April 9, 2007 — Mary Aiken Littauer was arguably the world’s leading authority on horses of ancient times. After her death at the age of 93 in 2005, Littauer’s family selected the International Museum of the Horse–a Smithsonian Affiliate–at the Kentucky Horse Park to be the beneficiary of her incomparable collection of more than 1,200 books and approximately 25 boxes of research notes, photos and correspondence.
John Nicholson, Executive Director of the Kentucky Horse Park, noted, “Mary Littauer was a woman of great intellect, fluent in ancient languages, interested in classical archaeology, prolific writer and passionate about horses. Consequently, she was uniquely positioned to become the ‘go-to’ person for equine scholars, archaeologists and journalists. The Kentucky Horse Park is highly honored to be the recipient of her unparalleled collection of books and other research material.”
Museum director, Bill Cooke, stated, “This is one of the most significant gifts we have received in our 30-year history. Mary Littauer was a giant in her field, and was internationally respected as the grande dame of equestrian history. Serious scholars from around the world used to converge on Mary Littauer’s estate on Long Island to utilize her marvelous library and to discuss their research. Now these same scholars will be coming to Lexington.”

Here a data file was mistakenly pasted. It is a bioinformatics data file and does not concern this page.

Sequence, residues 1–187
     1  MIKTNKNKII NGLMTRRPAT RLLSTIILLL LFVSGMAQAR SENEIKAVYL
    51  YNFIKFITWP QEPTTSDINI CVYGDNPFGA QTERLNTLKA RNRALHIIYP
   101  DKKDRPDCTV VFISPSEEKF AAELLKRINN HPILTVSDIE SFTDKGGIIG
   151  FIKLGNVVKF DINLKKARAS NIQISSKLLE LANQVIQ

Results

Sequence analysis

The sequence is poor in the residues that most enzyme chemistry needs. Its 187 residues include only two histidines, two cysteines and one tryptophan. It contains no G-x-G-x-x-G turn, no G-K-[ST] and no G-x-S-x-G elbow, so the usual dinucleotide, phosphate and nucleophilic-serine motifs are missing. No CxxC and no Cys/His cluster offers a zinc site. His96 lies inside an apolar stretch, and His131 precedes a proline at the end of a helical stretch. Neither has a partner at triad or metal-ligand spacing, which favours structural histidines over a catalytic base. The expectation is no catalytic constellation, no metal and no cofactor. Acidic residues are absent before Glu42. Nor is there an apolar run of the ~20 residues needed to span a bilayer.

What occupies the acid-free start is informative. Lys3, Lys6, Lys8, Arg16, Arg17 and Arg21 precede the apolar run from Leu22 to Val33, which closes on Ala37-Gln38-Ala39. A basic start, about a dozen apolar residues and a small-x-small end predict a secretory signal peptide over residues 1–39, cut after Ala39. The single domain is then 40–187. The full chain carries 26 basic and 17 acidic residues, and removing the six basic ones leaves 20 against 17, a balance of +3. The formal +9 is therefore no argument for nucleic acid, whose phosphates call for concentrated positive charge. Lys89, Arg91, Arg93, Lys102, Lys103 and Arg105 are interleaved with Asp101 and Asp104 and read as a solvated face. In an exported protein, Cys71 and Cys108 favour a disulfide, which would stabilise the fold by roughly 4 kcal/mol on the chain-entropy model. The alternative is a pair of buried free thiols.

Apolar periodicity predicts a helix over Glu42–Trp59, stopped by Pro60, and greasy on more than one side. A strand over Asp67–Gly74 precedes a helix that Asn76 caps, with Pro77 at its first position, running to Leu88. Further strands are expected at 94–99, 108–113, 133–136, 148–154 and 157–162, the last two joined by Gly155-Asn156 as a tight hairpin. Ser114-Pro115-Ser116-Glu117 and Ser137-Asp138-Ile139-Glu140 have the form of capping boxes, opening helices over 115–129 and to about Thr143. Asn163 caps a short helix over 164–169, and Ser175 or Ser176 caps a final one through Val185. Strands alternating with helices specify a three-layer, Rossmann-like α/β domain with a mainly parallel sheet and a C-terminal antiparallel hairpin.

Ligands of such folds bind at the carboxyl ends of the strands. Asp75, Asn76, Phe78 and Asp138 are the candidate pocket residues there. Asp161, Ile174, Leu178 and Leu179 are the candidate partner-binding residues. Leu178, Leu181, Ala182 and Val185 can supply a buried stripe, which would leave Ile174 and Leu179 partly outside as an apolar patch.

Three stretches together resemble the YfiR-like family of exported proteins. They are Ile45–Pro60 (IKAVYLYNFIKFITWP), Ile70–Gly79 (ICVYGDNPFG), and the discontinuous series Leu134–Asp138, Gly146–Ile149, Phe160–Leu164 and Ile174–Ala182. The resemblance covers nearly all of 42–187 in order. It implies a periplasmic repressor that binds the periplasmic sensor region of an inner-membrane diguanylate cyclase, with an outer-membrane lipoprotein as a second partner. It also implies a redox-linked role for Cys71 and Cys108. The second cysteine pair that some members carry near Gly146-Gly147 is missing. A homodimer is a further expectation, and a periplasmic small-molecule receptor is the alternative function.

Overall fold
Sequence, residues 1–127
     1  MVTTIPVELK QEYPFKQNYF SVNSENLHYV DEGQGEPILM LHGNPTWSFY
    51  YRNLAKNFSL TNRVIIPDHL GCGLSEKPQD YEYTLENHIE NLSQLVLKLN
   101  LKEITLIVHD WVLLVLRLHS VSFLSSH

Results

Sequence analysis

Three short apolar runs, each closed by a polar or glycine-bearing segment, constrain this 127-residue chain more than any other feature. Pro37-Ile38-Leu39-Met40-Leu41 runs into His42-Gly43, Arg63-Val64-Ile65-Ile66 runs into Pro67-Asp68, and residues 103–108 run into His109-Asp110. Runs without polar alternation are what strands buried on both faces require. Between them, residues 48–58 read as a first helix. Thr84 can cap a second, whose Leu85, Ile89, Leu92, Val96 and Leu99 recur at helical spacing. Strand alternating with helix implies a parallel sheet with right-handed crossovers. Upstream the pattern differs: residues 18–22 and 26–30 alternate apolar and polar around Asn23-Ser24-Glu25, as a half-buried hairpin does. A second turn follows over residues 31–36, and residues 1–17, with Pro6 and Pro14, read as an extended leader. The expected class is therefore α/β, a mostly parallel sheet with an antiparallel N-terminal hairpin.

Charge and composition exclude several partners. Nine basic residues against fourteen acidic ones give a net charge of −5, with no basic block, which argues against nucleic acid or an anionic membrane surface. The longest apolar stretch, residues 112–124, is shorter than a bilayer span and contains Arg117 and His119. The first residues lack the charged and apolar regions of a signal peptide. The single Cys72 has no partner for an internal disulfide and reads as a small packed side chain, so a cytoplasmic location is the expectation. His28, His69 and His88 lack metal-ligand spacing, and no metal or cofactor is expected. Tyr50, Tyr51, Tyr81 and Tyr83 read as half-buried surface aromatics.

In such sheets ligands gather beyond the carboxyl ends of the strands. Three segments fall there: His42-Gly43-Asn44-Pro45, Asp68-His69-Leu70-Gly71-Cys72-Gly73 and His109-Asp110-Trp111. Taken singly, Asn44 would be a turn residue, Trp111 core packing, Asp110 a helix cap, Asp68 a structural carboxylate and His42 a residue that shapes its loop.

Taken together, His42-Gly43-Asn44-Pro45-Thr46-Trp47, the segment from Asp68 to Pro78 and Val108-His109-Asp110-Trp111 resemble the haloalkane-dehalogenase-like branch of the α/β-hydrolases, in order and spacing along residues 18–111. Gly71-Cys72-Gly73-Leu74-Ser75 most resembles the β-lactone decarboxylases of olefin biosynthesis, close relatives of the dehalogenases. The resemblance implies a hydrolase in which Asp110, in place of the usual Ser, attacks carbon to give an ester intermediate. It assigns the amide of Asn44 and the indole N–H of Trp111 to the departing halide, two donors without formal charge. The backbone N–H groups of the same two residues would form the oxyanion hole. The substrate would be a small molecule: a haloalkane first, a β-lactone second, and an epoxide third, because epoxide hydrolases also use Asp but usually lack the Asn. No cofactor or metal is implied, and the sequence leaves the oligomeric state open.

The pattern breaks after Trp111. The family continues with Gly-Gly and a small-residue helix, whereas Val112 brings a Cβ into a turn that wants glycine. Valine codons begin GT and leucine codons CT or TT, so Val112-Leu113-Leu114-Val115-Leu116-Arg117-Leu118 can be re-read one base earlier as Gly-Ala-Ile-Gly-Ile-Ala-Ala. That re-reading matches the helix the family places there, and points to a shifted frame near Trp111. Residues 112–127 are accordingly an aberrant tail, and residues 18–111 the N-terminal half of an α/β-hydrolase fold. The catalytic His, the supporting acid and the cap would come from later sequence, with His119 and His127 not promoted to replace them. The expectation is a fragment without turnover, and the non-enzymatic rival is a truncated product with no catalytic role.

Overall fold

He continued, “While libraries and archives may not garner the same public excitement as international exhibitions, I feel that this generous donation from the Littauer family is a real watershed event in our museum’s brief history. Instantly, it makes us a destination for equestrian scholars from around the world, and, beginning in 2010, will culminate a tri-annual series of ‘Mary A. Littauer Memorial Symposiums on Equestrian History.'”
According to her obituary in the New York Times, the Pittsburgh-born, Manhattan-raised Littauer had an early association with Kentucky, “As a young woman, she was a volunteer courier in the Frontier Nursing Service, which provided health care in rural Kentucky. For young society women, the chance to ride horses for many miles over roadless, mountainous terrain in a good cause was grand adventure. She was once caught in the middle of a shooting battle between feuding families.”
She also had verified much of the text for International Museum of the Horse prior to its opening in 1978.
An archivist has been hired by the museum to investigate and create an inventory of the material, and to prepare it for use by visiting scholars and the museum staff.
For more information on the Mary Littauer collection, call the museum at 859-259-4232. For more information on the International Museum of the Horse, visit www.kyhorsepark.com.